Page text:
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Last night I got on a it of rant on Twitter. Part of it was reflection of my own status in life and part of it was my distaste for mediocrity in general.

Here is my rant from Twitter:

@paulturnertoo We should stop giving out attendance awards in elementary school because in real life, no one cares that you showed up for work consistently

@paulturnertoo Rant Continued: No one gets the “thanks for showing up and doing your job” award. No one wants to put “I’m consistent” on their resume.

@paulturnertoo Rant Continued Part 2: Instead, people should get awards for crazy ideas, failed projects, and irrational behavior that produces something.

Before we get to the top ten ways to “raise the bar” in your own ministry. Let me put my rant in context. Some Youth Pastors are happy if anyone shows up to a youth meeting (been there)  and we “award” kid with praise for their attendance. Nothing wrong with that on it’s face. For some kids, attendance IS a big deal. Some kids come from rough homes and some have never darkened a church door for which they do deserve some kudos. I do thank my group of kids from time to time for being there because they could be some where else, doing homework, at another youth group, etc.. At some point though, attendance is not enough for praise. Just showing up  is not enough.  I don’t think God applauds us for doing things He’s commanded us to do in the first place.

Jesus speaks of servants and duty when he says, “Will he thank the servant because he did what he was told to do?” So you also, when you have done everything you were told to do, should say, ‘We are unworthy servants; we have only done our duty.’ ”

We have to get over thinking we are doing God a favor by just showing up. It’s arrogant. So, what can we do to raise the bar in our youth ministry?

1. Have a student of the month where you honor kids for “above the bar” behavior such as serving others , outstanding      attitudes, or Christian example. Choose a meeting where other kids can nominate someone and share why they deserve it. Take those three kids over a three month period and do something special for them like a dinner out, concert, etc.

2. Ask for greater commitment in their giving, service projects, and sharing their stories in Christ. Let’s not beg kids, let’s challenge them.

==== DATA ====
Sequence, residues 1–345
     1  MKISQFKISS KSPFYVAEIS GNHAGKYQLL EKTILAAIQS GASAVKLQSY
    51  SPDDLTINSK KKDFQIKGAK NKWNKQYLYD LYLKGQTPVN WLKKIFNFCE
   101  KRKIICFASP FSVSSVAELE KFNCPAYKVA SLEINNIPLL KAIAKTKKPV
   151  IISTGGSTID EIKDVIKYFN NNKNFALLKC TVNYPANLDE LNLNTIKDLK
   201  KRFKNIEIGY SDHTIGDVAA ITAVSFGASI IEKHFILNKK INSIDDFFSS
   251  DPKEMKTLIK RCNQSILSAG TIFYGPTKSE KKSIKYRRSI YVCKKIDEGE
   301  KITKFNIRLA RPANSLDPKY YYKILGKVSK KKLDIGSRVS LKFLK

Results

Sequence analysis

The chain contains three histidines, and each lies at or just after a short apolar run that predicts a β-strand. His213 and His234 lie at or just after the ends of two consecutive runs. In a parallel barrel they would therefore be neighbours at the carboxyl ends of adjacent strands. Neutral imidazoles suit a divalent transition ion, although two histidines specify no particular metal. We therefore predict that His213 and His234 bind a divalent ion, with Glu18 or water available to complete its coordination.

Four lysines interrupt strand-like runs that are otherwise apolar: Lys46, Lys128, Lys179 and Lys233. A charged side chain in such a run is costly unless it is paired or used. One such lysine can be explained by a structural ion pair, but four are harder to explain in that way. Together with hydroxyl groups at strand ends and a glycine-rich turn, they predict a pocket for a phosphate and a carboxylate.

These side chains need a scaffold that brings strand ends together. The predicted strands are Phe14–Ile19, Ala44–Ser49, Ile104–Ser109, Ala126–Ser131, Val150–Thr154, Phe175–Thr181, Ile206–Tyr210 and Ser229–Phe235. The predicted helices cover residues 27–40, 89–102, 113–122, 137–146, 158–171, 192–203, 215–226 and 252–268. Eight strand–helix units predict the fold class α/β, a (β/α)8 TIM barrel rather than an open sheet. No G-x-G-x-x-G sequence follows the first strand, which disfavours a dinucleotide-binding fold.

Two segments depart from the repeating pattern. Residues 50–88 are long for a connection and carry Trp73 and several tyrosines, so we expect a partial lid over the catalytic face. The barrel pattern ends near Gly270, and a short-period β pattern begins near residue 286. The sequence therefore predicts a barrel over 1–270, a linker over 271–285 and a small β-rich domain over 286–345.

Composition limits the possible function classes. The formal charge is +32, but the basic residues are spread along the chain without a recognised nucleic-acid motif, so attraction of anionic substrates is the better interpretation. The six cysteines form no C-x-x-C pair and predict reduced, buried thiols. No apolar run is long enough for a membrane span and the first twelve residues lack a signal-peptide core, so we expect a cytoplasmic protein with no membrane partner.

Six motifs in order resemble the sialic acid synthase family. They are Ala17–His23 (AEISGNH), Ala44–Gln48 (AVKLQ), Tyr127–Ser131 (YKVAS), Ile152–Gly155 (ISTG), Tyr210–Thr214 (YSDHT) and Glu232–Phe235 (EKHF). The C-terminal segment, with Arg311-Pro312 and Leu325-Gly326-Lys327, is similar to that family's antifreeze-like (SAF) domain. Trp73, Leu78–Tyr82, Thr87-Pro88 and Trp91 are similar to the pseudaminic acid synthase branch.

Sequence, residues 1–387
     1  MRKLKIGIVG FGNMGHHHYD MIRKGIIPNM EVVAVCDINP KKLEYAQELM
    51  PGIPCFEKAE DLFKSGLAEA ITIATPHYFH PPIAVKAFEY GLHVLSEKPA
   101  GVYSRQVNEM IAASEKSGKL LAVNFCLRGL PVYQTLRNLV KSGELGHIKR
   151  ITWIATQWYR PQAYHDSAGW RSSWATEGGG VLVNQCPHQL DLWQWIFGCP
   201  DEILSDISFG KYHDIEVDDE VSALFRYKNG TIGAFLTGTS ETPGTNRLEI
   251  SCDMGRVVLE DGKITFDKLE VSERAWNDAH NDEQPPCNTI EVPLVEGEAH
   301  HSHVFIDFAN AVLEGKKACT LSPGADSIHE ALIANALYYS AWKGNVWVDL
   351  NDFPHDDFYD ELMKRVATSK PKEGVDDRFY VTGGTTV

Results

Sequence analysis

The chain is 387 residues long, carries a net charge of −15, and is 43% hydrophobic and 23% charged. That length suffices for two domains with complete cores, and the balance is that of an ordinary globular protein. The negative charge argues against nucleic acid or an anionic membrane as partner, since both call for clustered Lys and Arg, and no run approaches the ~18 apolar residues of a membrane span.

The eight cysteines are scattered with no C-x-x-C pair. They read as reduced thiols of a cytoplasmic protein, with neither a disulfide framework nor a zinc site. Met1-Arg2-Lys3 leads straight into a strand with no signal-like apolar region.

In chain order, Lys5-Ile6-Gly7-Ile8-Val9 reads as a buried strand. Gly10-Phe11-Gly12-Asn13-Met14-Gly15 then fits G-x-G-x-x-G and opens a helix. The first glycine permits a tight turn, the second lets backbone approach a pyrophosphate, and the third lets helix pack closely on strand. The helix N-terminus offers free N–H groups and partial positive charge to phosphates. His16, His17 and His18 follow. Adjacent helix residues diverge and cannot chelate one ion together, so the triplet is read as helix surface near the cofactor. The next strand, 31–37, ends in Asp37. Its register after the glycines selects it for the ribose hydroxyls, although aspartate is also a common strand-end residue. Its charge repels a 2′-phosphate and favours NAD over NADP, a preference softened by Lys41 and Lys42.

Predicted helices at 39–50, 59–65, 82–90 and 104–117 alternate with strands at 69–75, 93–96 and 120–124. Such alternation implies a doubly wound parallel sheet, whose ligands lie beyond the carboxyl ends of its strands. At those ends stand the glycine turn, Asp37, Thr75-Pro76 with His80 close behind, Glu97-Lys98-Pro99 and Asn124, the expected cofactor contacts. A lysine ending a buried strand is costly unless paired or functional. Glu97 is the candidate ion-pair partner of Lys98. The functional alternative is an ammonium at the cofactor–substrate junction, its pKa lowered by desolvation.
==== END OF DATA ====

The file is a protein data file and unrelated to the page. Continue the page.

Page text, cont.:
3. Dare them more. Kids love dares. they like to prove us wrong. Dare them to cross the line of mediocrity to achieve something great. I dared my kids during an outreach to give $50. if they did,  I would let them slime me. They gave and I got slimed. Funny thing though, offering was up the next three weeks because they knew then they could give more than they could be giving.

4. Provide leadership training. Whether this is taking kids to a conference or investing in a leadership team, lay out a path of achievement and growth that takes kids from attendance mode to investing mode.

5. Have a personal conversation with kids and challenge them to step up. Most kids are living well beneath their potential. I had a talk with a student on our worship team about him mumbling the worship lyrics and not engaging 100%. My talk was short, direct, and encouraging. The next time I heard him, he was clear, engaged, and loud. Don’t be afraid to have that talk.

6. Don’t be afraid to lose kids. I know, tough to say if you This is a personal philosophy I have and  it is one most would have to think and pray through before adopting it. If I am afraid of losing kids, our youth ministry will never become who they can be or supposed to be. I love our students, parents, and church and I do everything I can to keep those God has given me, but, I ultimately answer to the Lord.

7. Discipline those who are causing havoc. If kids do not think consequences are an option they will abuse the youth ministry and one day abuse the church for their own means. I have dealt with kids. lost kids, and God gave us the strength to rebuild and blessed us because we honored Him. Do everything possible to restore a kid and walk with them even if you have to disciplinary action. They may not like you at the time, but in time, they might respect you.

8. Stop doing everything. If you do not give your kids ownership of your program, you are ultimately hurting them. Give them small tasks, a servant board to choose from, a project board to post ideas. Start with a suggestion box and make sure to challenge kids to sign their name to their suggestion so you an follow u and challenge them to lead their suggestion.

9. Dream big and make it public. If you want to raise the bar as far as programing goes, make a challenge that will require the entire group and God himself to fulfill. Set an outrageous fundraising goal or a ridiculous amount of kids you’d like to take to camp. It does not matter if you fail, you moved the dial. If you succeed, the next time you dream big it won’t be so hard for them to have faith in God for it.

10. Raise the bar in your personal life. I like to pick up people on the side of the road, hitchhikers and such. Why? Because it’s out of my comfort zone. I give away money I do not have because I want to live a great life of faith. If you want your kids to raise the bar, we must raise the bar in our own lives, always having a story to tell them about how God is working in our lives.

How about you? How are you raising the bar in your youth ministry?

 

 

 

 

 

 

 

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  1. Pingback: Performing A Youth Ministry Autopsy

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